• IASbaba
  • February 8, 2022
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  • GS-1: Society


  • Ethnocentrism broadly refers to ethnic self-centredness and self-importance. 
  • This attitude could lead an individual to believe that their own culture or way of life is the correct way of living. 
  • It could also result in hostility towards other cultures. 
  • Ethnocentrism is therefore the tendency to view one’s own group, the ‘in-group’, as the ideal and all other groups as the ‘out-groups’.
  • The in-group’s boundaries are defined by one or more observable characteristics such as language, accent, physical features or religion, indicating common descent. 


  • Charles Darwin argued that competition with other groups makes people more cooperative with members of their own group, which further influences group prosperity. 
  • Herbert Spencer argued that societies in general are characterised by internal amity (towards members of one’s group) and external enmity (towards everyone else).  Neither of them used the term ethnocentrism, however. 
  • Developing their ideas, it was the anthropologist William Sumner who is first said to have coined the term in 1906 in his book Folkways and also used the concepts ‘in-group’ and ‘out-group’. 
  • For the geologist and anthropologist William John McGee, ethnocentrism was a particular way of thinking similar to egocentrism, but characteristic of ethnic groups. 

Why ethnocentrism was considered bad?

  • Curtails Individual Capabilities: Early anthropologists argued that this feeling of superiority about the in-group curtailed an individual’s ability to understand the practices and values of other groups and to trust them. 
  • Social Tension: This feeling could lead to prejudice, dislike, dominance, ethnic conflict, and even war.
  • Political Choices: Ethnocentrism can also affect consumer choices, voting and may lead to instability of democratic institutions.

 Ethnocentrism, attitude & behaviour

  • Later theorists argued that ethnocentrism might simply be preference for in-groups over out-groups. They said that the segregation of in-groups and out-groups should not necessarily be attributed to bias. 
  • In other words, they argued that you can be indifferent towards out-groups or even like them, but less than one like their in-group.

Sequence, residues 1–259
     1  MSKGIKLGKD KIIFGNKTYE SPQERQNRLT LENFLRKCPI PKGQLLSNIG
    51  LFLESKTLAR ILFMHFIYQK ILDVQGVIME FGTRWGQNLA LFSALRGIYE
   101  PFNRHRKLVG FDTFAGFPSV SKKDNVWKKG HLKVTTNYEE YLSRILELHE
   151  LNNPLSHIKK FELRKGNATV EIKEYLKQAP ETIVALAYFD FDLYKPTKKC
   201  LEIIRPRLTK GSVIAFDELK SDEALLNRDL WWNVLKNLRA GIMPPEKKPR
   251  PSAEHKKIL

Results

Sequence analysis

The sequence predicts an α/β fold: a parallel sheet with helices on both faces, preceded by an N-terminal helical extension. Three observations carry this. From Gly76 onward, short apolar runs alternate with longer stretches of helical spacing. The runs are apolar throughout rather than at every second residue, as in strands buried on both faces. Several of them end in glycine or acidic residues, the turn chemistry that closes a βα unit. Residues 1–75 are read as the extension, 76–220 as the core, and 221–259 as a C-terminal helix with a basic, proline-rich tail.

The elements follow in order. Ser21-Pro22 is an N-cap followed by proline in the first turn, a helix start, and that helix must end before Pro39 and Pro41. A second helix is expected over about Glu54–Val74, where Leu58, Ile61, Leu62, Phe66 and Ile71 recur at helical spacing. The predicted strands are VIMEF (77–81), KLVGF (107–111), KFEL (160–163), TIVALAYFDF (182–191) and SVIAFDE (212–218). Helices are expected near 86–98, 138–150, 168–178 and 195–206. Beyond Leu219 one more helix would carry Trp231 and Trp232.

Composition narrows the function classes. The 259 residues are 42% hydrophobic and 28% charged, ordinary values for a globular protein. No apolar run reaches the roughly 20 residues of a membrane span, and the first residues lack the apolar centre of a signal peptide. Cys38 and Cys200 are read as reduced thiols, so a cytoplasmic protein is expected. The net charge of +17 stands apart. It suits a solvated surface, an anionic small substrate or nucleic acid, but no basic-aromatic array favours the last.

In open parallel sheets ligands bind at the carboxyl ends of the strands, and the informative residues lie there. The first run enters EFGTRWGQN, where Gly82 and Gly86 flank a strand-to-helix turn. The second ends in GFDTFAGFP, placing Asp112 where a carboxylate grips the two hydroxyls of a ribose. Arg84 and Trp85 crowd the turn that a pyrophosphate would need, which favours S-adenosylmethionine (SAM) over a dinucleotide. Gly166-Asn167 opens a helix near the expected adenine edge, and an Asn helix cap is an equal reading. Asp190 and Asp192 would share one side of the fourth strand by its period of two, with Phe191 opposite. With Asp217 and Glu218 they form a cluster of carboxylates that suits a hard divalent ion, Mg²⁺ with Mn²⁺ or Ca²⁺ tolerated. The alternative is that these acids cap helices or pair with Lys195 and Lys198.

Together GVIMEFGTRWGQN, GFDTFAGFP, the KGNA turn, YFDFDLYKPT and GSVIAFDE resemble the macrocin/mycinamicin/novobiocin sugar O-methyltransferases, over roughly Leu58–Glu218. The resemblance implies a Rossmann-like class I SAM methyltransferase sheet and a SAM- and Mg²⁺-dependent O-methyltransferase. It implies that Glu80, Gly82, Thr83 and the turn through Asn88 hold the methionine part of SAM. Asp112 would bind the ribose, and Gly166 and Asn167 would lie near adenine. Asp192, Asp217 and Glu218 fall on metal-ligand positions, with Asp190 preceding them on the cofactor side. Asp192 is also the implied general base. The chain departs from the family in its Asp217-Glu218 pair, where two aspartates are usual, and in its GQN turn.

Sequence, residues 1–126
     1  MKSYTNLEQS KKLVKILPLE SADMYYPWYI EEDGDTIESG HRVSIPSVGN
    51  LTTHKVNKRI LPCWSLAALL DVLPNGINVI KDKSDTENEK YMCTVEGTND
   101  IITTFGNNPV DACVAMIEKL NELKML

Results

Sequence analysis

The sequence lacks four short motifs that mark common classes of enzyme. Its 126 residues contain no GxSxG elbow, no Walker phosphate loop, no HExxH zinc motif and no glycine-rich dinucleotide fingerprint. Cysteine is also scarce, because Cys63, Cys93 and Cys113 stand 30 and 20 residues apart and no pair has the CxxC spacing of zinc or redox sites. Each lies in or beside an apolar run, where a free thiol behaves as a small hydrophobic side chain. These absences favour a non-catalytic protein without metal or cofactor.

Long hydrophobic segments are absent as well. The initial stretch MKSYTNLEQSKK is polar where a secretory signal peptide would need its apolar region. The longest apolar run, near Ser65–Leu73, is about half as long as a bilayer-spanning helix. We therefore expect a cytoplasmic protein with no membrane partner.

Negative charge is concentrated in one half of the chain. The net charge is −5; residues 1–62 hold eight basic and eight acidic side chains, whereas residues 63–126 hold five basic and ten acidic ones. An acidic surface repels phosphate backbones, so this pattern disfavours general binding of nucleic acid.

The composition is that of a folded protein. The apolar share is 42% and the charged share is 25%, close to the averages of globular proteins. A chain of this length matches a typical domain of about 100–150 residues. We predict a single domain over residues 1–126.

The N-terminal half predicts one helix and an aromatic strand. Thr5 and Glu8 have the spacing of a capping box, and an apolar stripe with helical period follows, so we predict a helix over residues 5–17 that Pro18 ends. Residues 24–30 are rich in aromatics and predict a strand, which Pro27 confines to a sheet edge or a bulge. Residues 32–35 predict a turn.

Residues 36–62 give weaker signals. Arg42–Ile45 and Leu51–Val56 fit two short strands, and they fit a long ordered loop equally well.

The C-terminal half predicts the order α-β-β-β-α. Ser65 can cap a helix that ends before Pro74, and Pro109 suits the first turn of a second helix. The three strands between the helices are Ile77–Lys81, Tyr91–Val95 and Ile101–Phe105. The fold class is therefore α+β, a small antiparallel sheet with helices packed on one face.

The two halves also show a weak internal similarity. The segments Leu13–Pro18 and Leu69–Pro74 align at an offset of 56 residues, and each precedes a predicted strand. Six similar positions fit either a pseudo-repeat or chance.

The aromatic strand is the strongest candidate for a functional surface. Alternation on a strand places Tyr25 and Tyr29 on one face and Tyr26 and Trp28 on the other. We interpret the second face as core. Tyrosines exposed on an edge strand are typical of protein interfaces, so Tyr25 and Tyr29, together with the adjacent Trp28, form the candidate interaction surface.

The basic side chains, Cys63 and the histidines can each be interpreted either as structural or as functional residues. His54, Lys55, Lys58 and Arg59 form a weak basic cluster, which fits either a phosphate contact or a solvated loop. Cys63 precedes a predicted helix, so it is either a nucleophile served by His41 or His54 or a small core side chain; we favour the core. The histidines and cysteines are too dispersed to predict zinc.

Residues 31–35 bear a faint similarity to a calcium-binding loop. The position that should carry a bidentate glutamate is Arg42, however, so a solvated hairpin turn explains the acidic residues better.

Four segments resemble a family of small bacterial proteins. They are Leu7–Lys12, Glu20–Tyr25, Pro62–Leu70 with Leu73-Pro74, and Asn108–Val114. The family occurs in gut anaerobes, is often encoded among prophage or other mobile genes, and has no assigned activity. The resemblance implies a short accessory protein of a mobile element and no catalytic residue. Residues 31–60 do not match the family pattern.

• One may dislike an out-group, but that attitude might not necessarily translate into some sort of discriminatory behaviour in a given situation. 
  • Example: Ravi in India prefers to eat food with his hands. Ravi invites his American friend, Robert, to attend his sister’s wedding in India. When Robert arrives at the wedding, he is horrified to see everyone eating with their hands instead of using cutlery, as they do mostly in the U.S..Robert’s attitude may be conscious or unconscious but his inability to accept this way of eating food as another culture’s practice and his tendency to view it as primitive while seeing his own culture as superior or advanced is ethnocentric.  

Ethnocentrism & Nationalism

  • Ethnocentrism is also quite similar to nationalism. 
  • All the expressions of ethnocentrism, such as feelings of superiority and even hostility towards out-groups, could be easily attributed to nationalism.
  • But while ethnocentrism is at the level of an ethnic group, nationalism is at the level of a national group. 
  • Nevertheless, it is also important to note that nationalism also assumes certain factors that are not necessary for ethnocentrism. 
  • National groups are defined by the belongingness to a group that inhabits a national state or aspires to form a national state whereas ethnic groups do not require national states to be called ethnic groups, and they may lack a shared public culture or even territory.
  • Ethnocentric feelings and attitudes such as preference for a familiar culture and group superiority have been exploited by nationalism.

Connecting the dots:

  • Nationalism vs Patriotism
  • Hitler’s genocide on Jews based on Aryan race superiority

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